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rio car dot org FAQ (Frequently Asked Questions)



Category: Main -> Upgrade, customization, and third-party software questions
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Question
·   How do I upgrade my player's hard disk?
·   How are the songs stored on a two-drive player?
·   Can I make my own visuals for the player?
·   How do I put custom logos or kernels into the player?
·   How do I change the animated company logo?
·   What is the file format for the boot logo files?
·   Is it dangerous to put a custom kernel or a custom logo onto the player?
·   Where can I find source code for writing to the player's flash RAM?
·   What controls the combination of company logos and custom logos at boot up?
·   How do I edit the 'config.ini' file on the player?
·   Can I customize the alternate-row coloring in Emplode?
·   How do I create a set of 'favorite' visuals?
·   How do I use Hyperterminal to connect to the player's shell prompt?
·   Where can I find help on Linux commands?
·   How do I send and receive files from the player?
·   What is the file structure for the song and playlist files on the player?
·   Can the player make MP3s from the radio, aux, or microphone inputs?
·   How do I get this Displayserver thing working?
·   Can I use Ghost or Drive Image with the disks?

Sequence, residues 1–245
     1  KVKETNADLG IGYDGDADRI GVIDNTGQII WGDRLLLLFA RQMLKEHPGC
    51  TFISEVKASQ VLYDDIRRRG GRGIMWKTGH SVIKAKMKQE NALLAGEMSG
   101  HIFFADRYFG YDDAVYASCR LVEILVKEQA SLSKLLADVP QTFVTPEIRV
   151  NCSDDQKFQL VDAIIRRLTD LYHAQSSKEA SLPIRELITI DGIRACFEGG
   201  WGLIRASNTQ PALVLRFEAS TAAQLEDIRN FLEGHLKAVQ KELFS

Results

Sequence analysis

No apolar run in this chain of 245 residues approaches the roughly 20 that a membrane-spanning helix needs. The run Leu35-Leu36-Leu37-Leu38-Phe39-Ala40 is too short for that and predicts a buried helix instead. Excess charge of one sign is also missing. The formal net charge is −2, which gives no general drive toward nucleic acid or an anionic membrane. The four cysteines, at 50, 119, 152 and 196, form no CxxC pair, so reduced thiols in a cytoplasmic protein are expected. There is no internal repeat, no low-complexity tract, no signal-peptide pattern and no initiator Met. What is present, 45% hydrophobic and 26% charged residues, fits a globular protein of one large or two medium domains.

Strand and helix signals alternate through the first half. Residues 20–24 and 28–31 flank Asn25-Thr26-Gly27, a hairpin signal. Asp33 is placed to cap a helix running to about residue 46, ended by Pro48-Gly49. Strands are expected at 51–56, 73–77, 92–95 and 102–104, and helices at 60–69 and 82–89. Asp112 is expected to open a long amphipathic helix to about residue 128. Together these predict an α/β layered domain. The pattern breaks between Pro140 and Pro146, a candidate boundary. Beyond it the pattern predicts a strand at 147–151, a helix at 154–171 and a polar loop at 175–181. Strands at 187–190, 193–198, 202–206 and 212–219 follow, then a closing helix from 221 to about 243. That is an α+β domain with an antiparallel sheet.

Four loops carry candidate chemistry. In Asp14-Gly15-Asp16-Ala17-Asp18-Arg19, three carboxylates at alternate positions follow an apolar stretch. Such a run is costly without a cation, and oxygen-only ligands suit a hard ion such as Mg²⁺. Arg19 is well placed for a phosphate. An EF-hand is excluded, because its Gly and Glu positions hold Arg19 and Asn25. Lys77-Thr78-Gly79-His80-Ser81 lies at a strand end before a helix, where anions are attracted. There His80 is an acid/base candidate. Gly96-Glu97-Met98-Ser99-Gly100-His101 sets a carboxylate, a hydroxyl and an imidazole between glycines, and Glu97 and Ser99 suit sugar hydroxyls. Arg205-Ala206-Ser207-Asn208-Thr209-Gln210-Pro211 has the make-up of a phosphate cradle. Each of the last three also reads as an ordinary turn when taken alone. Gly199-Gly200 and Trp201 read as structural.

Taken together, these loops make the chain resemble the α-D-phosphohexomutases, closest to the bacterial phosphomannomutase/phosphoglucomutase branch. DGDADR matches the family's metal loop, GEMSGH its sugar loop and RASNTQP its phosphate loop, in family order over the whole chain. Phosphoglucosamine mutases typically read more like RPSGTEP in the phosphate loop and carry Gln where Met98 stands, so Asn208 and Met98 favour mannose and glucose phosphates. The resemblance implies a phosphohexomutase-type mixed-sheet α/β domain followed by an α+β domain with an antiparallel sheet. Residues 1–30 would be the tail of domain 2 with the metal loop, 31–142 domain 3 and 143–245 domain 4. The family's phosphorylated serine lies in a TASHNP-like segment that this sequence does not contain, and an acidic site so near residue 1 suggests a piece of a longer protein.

·   Can I add extra RAM to my player?
·   Can the player's buttons be made to light up in the dark?
·   Will we ever get voice recognition for the player?
·   Can I install a cooling fan into the player?
·   Can I add a digital output to the player?
·   Can I use my player as a GPS navigation system?
·   Can the player scroll lyrics in synch with the music?
·   Can I customize the way the track information is displayed on the screen?
·   Can I use a Palm organizer to control the player?
·   Can I make a home docking station for my player?
·   How do I upgrade my software?

Answer
·  How do I upgrade my player's hard disk?

Here is a complete disk upgrade guide for for your enjoyment.

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·  How are the songs stored on a two-drive player?
 (Entry last updated on February 13th, 2005)

If a player has two disk drives, newly-added songs will be stored on the disk drive with the most available disk space, as measured in free blocks.

For example, if your first disk drive has 1 gigabyte free, and you add a second blank disk drive to your player, then all new music you add to the player will go on to the second drive until you've filled it up to the point where there is only 1 gigabyte left on the second drive.

After both drives have the same amount of free space, it will tend to alternate between storing the files on the first drive and the second drive.

There is currently no way to tell which files are stored on which drive without fishing through the FIDs by hand at the shell prompt. Plans to implement a feature for this in the software have been cancelled. The player software currently does not care nor report whether a given song is on /drive0 or /drive1, and will search both drives for files when retrieving songs. Also note that a given database file (*1) might be on a different drive than its corresponding song file (*0).

For more information on how the files are stored on the player, see Roger's guide here.

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·  Can I make my own visuals for the player?
 (Entry last updated on April 2nd, 2005)

Yes and no.